Steve: I don’t think it is fair to look only at Terminal volumes as the Mayor has done when trying to justify this enormous, wasteful and unnecessary expense. To recap – this vanity project will soak up pretty well all the capital expansion opportunities – for the whole City – for the foreseeable future; require 30 years of funding by all taxpayers in Toronto and require ongoing enormous subsidies to provide “one trip” service to an hourly passenger flow that could easily be handled by a bus. (To be clear. I advocate for a full and fair rollout of a comprehensive LRT for all of Scarborough – not bus service. That was a rhetorical flourish.)
If I recall correctly the length of this extension is 6.5 km. or thereabouts. Google tells me that the distance from Kipling Station to Runnymede Station is under 6 km. Over that 6 km. there are 6 stations – which are expensive – but also reflect the fact that there are actual riders who want to get on. It may be true that the projected volumes at STC (in 15 years) are roughly equal to the volumes at the Kipling Station Terminal (now). However, to be worth the expense the remote STC Terminal would need the kind of volumes that accumulate eastbound by Runnymede or continue Westbound from the same spot.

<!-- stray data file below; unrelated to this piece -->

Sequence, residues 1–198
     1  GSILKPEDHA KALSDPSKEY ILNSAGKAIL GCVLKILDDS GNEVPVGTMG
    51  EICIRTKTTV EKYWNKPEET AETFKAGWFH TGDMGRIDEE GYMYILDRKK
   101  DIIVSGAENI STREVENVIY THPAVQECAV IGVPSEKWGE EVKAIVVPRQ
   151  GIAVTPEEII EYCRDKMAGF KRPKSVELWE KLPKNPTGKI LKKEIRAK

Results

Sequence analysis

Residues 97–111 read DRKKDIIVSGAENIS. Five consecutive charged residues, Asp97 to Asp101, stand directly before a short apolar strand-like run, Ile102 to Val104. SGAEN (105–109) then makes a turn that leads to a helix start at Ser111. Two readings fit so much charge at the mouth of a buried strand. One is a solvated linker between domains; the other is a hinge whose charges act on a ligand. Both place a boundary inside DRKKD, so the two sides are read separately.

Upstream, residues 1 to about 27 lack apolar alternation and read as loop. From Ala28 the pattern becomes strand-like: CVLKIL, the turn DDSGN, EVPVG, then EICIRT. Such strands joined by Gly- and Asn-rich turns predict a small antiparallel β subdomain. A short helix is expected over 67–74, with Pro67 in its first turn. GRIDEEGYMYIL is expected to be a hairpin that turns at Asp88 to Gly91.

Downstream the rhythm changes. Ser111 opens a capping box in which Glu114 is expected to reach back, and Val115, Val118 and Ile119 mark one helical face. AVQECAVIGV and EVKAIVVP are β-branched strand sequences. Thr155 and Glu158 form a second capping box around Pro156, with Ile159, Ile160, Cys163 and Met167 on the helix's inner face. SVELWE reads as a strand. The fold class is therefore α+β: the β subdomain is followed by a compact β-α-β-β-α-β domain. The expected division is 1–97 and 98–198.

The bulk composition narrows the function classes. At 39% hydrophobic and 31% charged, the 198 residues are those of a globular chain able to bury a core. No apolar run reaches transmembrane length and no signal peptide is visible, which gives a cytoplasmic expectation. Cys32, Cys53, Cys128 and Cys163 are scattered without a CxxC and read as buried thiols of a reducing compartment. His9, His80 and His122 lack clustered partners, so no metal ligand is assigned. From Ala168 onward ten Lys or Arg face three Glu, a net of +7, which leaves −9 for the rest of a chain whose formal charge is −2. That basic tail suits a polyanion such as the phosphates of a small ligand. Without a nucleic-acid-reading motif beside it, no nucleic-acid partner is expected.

When it’s minus 20 and the bus is late and too full to ride when it arrives, I doubt many riders on Finch or Steeles East will take “Scarborough pride” in the fact that the whole City has pitched in because 7,300 people (per hour at peak) “deserve” a subway.
This’ll be very tinfoil hat, but one would almost think the early disclosure of house expropriation was a Machiavellian way to get Scarberians to reject that same subway project and score points for the LRT crowd. Or am I not alone in thinking this effect was had – whether or not it was intended by anyone?